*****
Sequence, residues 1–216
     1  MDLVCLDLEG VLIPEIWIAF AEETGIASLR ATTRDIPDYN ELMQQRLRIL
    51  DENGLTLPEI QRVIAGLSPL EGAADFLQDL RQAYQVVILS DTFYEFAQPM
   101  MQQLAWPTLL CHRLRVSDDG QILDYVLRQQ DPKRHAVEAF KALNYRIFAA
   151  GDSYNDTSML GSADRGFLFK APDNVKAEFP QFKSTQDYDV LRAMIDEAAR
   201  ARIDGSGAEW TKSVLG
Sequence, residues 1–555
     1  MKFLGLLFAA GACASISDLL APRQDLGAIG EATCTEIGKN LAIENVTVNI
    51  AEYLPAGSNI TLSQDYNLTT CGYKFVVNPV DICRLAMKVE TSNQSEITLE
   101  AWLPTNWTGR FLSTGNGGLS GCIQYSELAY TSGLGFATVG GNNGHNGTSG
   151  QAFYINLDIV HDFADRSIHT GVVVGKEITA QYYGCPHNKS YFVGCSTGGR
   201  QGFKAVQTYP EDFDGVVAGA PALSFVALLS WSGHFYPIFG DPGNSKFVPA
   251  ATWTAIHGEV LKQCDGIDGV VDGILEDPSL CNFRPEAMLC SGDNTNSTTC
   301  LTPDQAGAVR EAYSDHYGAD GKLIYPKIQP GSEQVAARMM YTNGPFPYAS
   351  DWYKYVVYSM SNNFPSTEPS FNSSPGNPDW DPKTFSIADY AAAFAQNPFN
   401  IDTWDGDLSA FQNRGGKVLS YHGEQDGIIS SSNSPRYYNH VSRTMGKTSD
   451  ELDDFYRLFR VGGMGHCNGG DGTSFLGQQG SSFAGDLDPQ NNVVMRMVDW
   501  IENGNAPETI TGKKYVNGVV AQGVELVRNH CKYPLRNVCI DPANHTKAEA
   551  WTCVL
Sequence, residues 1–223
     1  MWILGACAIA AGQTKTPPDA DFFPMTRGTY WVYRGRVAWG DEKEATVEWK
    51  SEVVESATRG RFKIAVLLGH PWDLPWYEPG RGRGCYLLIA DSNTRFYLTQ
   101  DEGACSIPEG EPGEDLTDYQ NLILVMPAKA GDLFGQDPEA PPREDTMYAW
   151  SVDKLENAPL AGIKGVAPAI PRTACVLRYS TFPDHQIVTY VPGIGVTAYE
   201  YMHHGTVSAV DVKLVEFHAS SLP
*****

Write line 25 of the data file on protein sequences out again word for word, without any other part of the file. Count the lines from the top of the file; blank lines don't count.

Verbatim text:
   201  YMHHGTVSAV DVKLVEFHAS SLP